ideas on "recurrent utterances" to make sense of the "trapped reminiscences" of the
hysteric, see J. Forrester, 1980, Language and the origins of psychoanalysis (London
and Basingstoke: The Macmillan Press); E. Stengel, 1963, "Hughlings Jackson's in-
fluence on psychiatry," British Journal of Psychiatry 109: 348-55. Some attempts to
push the case that Freud's conception of the relationship between consciousness and
the unconscious also owes a debt to Jackson can be found in S. P. Fullinwider, 1983,
"Sigmund Freud, John Hughlings Jackson, and speech," Journal ofthe History of Ideas
44: 51-58; and chapter 8 of Harrington (1987), "Freud and Jackson's double brain: the
case for a psychoanalytic debt."
45. "So wird die Localisation . . . in keiner Weise aufgehoben, wie das Monakow
vielfach irrtumlich imputiert wird; sie kombiniert sich nur mit zeitlich, genetischen und
dynamischen Momenten und wird dadurch vertieft und in gewissen Sinne relativiert.
Die raumlichen Faktoren der Funktion verkntipfen sich mit den Zeitlichen in einer
auBerordentlichen engen, organischen und zuletzt kaum noch unterscheidbaren Weise,
wie das auch in der modernen Physik, in der Relativitatstheorie, geschieht" (Minkow-
ski [1950,58]).
46. Hughes (1958,64-65).
47. Waser (1933).
48. Minkowski (1950, 63).
49. Goldstein (1931a, 5).
50. Pusirewsky (1953, 25).
51. Monakow, "7.9.14, Aphorismen und Gedankensplitter," Monakow NachlaB
(MN), Institut fiir die Geschichte derMedizin, University of Zurich, Switzerland.
52. Pusirewsky (1953, 29).
53. Ibid., 39-40, 29.
54. "Viele miihsam im Leben erworbene und sorgfaltig gepflegte und gehiitete,
sogenannte moralische Prinzipien haben nur Bestand in ruhigen, unsere Existenz nicht
erschiittemden Zeiten. Jeder ernste Konflikt im Leben stellt unseren Charakter, uber-
haupt unsere Ethik auf eine harte Probe" (Note, January 1914, cited in Pusirewsky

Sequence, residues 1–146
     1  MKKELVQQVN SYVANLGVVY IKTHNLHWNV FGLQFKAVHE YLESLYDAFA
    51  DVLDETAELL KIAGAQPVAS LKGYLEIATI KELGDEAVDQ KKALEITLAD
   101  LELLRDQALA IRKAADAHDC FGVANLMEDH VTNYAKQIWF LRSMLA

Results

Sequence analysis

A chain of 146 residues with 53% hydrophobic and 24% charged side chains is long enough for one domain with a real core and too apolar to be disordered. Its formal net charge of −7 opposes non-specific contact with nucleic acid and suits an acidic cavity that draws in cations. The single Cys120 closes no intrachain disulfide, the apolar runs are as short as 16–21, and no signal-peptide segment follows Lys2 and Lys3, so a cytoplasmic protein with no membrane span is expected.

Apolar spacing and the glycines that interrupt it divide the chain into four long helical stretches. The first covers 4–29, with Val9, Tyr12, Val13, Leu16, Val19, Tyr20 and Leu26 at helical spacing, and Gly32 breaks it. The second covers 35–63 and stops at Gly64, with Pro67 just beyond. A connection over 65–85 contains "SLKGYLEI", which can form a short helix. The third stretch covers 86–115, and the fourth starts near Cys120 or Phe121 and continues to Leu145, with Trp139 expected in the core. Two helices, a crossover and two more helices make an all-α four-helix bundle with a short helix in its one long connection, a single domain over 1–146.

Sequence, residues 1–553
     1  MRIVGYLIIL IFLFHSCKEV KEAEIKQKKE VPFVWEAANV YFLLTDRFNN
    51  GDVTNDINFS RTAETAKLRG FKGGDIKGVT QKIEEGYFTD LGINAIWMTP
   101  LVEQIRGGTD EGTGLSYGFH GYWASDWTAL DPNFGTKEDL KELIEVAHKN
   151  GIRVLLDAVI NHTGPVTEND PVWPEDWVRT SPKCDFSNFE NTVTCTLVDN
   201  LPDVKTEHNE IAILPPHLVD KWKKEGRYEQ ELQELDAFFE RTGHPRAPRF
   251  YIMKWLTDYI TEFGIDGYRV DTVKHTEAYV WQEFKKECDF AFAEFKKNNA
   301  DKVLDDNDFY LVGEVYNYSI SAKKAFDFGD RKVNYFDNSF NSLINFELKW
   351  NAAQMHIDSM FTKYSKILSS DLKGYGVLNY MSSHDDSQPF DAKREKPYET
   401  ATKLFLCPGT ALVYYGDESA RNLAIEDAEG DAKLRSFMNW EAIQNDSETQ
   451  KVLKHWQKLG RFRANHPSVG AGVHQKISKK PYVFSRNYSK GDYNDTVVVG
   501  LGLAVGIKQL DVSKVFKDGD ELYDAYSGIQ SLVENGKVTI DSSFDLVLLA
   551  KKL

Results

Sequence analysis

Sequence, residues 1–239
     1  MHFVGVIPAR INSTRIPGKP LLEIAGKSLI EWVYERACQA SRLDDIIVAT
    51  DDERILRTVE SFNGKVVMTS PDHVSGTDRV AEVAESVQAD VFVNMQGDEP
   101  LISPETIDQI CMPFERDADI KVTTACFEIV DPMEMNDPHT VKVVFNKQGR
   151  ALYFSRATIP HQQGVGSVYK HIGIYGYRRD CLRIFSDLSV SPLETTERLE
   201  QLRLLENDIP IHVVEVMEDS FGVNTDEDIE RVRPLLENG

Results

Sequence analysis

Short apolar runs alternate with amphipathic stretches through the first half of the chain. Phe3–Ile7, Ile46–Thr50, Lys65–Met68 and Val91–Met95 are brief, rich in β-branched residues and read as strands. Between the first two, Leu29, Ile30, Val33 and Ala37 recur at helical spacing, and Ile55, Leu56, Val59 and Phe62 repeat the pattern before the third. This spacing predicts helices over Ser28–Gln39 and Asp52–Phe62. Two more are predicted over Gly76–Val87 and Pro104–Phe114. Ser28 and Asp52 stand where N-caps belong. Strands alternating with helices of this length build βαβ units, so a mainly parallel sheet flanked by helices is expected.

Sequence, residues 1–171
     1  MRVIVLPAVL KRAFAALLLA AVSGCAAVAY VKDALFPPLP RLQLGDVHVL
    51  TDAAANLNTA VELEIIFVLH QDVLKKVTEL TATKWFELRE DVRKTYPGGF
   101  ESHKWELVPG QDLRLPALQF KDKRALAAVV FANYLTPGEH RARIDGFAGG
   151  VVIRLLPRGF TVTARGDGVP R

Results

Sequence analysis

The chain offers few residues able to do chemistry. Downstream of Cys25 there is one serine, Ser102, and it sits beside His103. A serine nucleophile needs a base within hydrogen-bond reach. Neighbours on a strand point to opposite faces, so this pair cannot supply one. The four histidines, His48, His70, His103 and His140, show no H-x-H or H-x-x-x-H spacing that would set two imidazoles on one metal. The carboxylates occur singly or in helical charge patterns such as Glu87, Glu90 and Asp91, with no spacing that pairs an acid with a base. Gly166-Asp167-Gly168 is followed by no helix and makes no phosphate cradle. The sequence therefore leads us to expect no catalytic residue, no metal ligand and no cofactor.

55. Ibid., 39.
56. Kline, 1967, The encyclopedia ofphilosophy (New York: Macmillan Publishing
& The Free Press), 262.
57. Cited in Wehr(1981, 167).
58. Hughes (1958, 369).
59. Freud, "Thoughts on War and Death," cited in Hughes (1958, 369).
60. Freud (1930, 56).
61. Cited in Monakow (1970, 262).
62. Minkowski (1950, 64).
63. Monakow, October 1914, "Aphorismen und Gedankensplitter," MN.
64. See Monakow (1924).
65. Monakow, letter of 2 June 1930, cited in Pusirewsky (1953, 86).
66. Monakow, cited in Jagella, Isler, and Hess (1994, 42).
67. "Sein Glaube an die regenerativen Krafte war unerschutterlich, durch der
Einblick, den er als Nervenarzt in die Haltlosigkeit der durch iibergroBen Druck und
wilden Taumel zerrissenen Menschen der Nachkriegszeit erheben und iiberall die An-
zeichen des Abbaus feststellen. (Pusirewsky [1953, 48]).
68. See Monakow (1925).
69. Monakow (1916; 1919; 1922; 1927; 1930a; 1930b); Monakow and Mourgue
70. Cited in Pusirewsky (1953, 27).
71. Riese (1938b, 23); for Monakow's own justification of the use of his neolo-
gisms, see Monakow & Mourgue (1928, 7-8).
72. Monakow, Untitled notes dated"Baden, 29.3.23," MN.
73. Monakow and Mourgue, 1930, Biologische Einfuhrung in das Stadium der Neu-